Bartle Case

In the Bartle case (1994), Mr Bartle was arrested at 1:00 a.m. on a weekend for driving a vehicle while impaired. After failing the "Alert" road test, he was brought to the police station, where he was promptly informed of his right to consult a lawyer, including available legal aid services.

Bartle Case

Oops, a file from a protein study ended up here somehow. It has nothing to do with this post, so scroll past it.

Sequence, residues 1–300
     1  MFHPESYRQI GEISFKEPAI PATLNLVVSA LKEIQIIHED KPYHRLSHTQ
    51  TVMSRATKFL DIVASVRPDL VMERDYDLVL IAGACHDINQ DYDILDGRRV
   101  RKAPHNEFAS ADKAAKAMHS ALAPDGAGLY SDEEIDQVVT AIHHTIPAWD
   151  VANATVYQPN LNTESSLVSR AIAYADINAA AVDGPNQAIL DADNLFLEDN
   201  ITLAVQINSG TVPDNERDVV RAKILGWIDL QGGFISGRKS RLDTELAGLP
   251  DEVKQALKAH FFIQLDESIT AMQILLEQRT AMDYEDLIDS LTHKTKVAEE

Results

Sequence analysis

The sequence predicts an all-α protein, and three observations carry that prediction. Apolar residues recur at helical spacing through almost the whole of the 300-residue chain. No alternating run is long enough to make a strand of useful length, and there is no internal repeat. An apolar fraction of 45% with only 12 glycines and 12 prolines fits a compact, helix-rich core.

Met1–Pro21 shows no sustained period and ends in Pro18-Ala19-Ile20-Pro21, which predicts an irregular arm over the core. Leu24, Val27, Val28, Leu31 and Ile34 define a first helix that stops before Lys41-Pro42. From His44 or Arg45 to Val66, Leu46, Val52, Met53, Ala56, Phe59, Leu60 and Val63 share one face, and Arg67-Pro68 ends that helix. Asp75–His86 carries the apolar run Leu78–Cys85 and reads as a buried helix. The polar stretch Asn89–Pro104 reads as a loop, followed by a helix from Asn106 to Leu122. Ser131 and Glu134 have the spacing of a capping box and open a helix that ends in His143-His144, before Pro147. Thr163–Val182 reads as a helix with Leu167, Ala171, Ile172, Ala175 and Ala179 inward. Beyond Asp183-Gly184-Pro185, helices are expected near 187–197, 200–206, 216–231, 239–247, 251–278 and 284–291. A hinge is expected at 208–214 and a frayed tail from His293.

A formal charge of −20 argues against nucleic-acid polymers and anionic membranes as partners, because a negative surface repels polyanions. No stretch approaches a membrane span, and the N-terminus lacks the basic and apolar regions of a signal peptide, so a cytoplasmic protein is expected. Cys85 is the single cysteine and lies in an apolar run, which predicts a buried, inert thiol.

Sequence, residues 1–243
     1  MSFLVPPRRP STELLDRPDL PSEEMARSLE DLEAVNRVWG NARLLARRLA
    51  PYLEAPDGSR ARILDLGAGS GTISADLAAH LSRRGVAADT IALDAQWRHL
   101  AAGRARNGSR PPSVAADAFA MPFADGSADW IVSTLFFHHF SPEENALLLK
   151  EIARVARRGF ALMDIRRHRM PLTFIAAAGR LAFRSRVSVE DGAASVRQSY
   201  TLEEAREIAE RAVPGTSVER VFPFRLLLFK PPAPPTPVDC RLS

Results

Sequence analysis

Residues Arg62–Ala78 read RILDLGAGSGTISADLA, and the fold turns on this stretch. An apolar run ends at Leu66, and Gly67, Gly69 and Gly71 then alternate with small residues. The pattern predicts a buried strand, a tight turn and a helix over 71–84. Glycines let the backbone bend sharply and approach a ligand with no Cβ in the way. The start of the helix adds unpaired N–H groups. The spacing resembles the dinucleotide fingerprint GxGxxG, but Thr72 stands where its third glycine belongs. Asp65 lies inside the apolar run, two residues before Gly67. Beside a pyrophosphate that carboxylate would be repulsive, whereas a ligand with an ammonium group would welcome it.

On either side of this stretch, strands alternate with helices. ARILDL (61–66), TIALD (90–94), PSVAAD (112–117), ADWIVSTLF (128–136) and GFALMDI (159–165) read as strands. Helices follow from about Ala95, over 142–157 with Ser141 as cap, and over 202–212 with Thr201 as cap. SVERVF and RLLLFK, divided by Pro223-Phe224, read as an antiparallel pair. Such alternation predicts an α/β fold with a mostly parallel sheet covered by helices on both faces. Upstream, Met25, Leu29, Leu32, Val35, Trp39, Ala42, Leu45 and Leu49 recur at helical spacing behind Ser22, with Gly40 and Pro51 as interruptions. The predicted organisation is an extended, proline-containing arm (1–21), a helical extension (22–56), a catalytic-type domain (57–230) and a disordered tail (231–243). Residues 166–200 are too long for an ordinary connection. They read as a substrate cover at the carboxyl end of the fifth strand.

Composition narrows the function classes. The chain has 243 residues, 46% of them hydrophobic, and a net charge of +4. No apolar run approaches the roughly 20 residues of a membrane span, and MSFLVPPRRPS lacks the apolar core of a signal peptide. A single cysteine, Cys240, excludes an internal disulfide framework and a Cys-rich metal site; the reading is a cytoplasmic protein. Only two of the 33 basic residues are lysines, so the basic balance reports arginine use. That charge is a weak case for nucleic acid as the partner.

In the Bartle case (1994), Mr Bartle was arrested at 1:00 a.m. on a weekend for driving a vehicle while impaired. After failing the "Alert" road test, he was brought to the police station, where he was promptly informed of his right to consult a lawyer, including available legal aid services. However, the police failed to inform Bartle of the availability of "standby" lawyers and the possibility of resorting to them at any hour of the day or night by means of an "800" telephone number. A majority of the Supreme Court was of the opinion that this omission undermined the rights guaranteed by section 10(b) of the Canadian Charter of Rights and Freedoms as Mr Bartle was not properly informed of his rights and may have been misled about the nature and extent of his right to counsel, particularly given the timing of his arrest. The evidence procured from Mr Bartle was rendered inadmissible by section 24(2) of the Canadian Charter of Rights and Freedoms.